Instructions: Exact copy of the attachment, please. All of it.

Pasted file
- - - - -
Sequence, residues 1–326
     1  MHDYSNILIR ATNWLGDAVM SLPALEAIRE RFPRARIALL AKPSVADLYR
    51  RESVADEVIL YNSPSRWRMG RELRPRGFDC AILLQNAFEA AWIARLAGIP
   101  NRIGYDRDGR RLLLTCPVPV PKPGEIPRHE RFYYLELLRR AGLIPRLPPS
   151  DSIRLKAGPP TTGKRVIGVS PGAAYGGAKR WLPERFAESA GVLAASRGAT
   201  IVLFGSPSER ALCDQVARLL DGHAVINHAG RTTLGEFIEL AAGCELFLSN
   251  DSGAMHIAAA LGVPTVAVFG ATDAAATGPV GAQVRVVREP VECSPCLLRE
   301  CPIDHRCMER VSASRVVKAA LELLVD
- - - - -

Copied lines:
Sequence, residues 1–326
     1  MHDYSNILIR ATNWLGDAVM SLPALEAIRE RFPRARIALL AKPSVADLYR
    51  RESVADEVIL YNSPSRWRMG RELRPRGFDC AILLQNAFEA AWIARLAGIP
   101  NRIGYDRDGR RLLLTCPVPV PKPGEIPRHE RFYYLELLRR AGLIPRLPPS
   151  DSIRLKAGPP TTGKRVIGVS PGAAYGGAKR WLPERFAESA GVLAASRGAT
   201  IVLFGSPSER ALCDQVARLL DGHAVINHAG RTTLGEFIEL AAGCELFLSN
   251  DSGAMHIAAA LGVPTVAVFG ATDAAATGPV GAQVRVVREP VECSPCLLRE
   301  CPIDHRCMER VSASRVVKAA LELLVD